By Fred C. Jensen
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Engineers all over the world are being challenged with the task of quite literally saving our planet. Today’s efforts revolve around energy production and how it affects global warming. As a result, complex mechanical assemblies are being developed and it becomes critical to simplify their fluid flow analyses with regard to handling resultant pressure drops in a practical flow path. Here are two examples.
These are static pressure vectors flowing through a compact heat exchanger manifold.
This is a velocity profile of the compact heat exchanger manifold assembly.
This MCAD model of a nuclear reactor illustrates just one primary coolant loop for clarity.
The first example is a fluid-to-fluid heat exchanger (HE) that was designed to raise the efficiency of energy conversion in fuel cell systems by exchanging heat from hot exit gases with the cold inlet gases. This innovative heat exchanger, known as the HEP (heat exchange platform), was designed and built by engineers at Catacel Corp. in Ohio. The core of this heat exchanger has thousands of very small flow channels made out of 0.003-in. thick metal foil. This design enables the exchange of approximately 90 to 140 watts of energy per 1.0 cubic in. of heat exchange core at an operating temperature of 800 degrees C. These are impressive numbers and to do this at temperatures and flow rates useful to fuel cells is a breakthrough technology. The repetitive small cross-sections of long thin passages present an analytical challenge to the fluid dynamist. Our question is how does one calculate the fluid resistance that this HE offers when it is placed in a manifold design of a portable power unit?
The second example is another HE at the opposite end of the size spectrum. It is a nuclear reactor weighing 132 tons for just the primary steel vessel. The reactor interior contains approximately 30,000 fuel rods held together by multiple tube sheets with the coolant fluid flowing back and forth over the rods. Here the problem becomes complex again due to the repetitive maze of rods in the flow path. As before, our question is, how does one calculate the effect of the fluid resistance when this vessel is placed in the primary coolant loop of a stationary power unit?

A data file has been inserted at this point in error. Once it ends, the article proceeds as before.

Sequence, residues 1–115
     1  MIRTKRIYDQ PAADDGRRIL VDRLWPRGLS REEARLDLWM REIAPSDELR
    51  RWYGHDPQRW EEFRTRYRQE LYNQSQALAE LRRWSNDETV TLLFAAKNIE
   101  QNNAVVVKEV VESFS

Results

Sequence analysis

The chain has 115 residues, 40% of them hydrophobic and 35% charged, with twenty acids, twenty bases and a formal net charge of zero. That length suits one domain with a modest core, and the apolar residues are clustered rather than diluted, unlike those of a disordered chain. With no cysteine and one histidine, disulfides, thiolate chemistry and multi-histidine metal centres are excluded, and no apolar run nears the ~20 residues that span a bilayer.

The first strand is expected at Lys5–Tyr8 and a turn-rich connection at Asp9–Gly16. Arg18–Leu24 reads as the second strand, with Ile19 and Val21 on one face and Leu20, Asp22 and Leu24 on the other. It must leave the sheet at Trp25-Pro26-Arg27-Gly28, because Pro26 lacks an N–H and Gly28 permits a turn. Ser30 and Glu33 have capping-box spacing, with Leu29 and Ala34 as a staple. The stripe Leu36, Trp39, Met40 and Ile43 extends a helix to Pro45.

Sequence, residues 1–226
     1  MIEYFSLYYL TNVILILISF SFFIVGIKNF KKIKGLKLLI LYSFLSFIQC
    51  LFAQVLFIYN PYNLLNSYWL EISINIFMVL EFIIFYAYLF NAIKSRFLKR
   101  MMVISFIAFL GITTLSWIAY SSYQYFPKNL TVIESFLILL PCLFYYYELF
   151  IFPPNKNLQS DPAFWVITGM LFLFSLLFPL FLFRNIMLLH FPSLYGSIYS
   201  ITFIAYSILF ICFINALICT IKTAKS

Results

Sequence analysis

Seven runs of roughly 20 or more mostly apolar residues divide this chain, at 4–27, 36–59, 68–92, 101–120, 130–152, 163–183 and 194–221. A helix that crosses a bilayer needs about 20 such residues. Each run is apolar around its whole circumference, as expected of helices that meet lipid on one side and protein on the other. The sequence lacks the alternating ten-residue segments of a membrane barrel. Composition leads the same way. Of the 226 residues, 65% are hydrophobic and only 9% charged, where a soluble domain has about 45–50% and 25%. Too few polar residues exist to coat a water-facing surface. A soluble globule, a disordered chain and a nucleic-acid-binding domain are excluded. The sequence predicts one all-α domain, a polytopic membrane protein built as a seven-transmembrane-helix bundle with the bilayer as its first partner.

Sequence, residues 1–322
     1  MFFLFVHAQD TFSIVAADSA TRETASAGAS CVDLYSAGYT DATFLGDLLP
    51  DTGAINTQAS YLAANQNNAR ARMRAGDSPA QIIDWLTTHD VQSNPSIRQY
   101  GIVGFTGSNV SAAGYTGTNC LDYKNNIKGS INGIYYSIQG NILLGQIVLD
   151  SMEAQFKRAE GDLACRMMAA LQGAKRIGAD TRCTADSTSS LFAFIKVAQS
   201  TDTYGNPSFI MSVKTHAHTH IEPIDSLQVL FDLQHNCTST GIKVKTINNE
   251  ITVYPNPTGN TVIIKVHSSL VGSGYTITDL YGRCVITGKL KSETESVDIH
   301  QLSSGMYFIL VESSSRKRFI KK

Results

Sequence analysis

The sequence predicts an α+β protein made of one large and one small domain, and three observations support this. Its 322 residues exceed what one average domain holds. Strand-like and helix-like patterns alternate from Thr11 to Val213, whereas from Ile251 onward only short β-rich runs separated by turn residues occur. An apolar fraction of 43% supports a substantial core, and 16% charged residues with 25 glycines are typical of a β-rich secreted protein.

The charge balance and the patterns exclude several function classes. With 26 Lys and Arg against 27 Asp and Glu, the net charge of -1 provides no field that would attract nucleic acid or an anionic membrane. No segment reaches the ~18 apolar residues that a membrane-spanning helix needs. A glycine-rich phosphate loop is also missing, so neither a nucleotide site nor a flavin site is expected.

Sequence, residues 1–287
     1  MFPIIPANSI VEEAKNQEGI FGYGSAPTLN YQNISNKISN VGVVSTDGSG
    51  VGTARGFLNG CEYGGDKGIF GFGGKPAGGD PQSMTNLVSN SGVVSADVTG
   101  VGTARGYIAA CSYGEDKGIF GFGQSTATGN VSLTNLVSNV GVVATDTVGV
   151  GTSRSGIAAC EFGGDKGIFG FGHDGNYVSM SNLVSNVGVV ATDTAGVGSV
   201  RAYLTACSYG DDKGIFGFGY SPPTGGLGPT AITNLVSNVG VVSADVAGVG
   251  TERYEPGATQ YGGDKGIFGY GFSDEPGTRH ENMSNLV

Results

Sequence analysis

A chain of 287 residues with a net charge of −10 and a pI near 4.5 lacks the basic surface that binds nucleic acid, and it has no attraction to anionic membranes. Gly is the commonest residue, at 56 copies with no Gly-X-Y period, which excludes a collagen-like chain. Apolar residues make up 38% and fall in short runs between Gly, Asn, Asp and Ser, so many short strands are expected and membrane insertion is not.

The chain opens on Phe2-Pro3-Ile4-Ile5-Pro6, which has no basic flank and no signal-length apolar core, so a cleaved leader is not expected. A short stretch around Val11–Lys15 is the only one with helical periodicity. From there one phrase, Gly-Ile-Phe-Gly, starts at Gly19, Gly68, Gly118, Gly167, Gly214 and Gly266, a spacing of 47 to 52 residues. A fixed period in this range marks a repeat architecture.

When faced with a complex technical problem, break the problem down into small solvable pieces and write down the steps. If one does that to these two examples described above, one recognizes that they are the same types of problem.
The suggested solution steps for both of these flow-pressure drop problems are as follows:
1.) First, review the historical technical data. Find out how this problem was solved in the past. This can be through corporate records of past jobs or through a literature study of past similar efforts. In our two examples, actual test data was available from previous work.
2.) Write down all the known input parameters and an estimated result. Include an estimated cost to complete. Does the estimated result produce the desired goals?
3.) Construct a CAD model of the hardware.
4.) Use the actual CAD model to construct the computational fluid dynamic (CFD) model.
5.) Null out the complexity of the CAD model by suppressing all of the metallic components. In a CFD flow-pressure drop model, one needs only to analyze the fluid space inside the components and not the components themselves. Therefore, the CAD model can be used with all the fabrication complexity that is required to build it. We null out the unneeded components by setting the element count to zero for each respective metallic component. Each fluid space will have an element count either generated automatically by the CFD program or specified manually by the analyst.
6.) Finally, here is the key step in this sequence. The goal is to analyze the flow patterns and pressure drops in the manifold in the first example, and the primary coolant loop in the second example. Each of these loops has a series of pressure drops. Do not model the fluid spaces for the complex mechanical component. Instead, substitute a mathematical expression for the flow-pressure characteristics for that complex mechanical component. (see Reference 1.)
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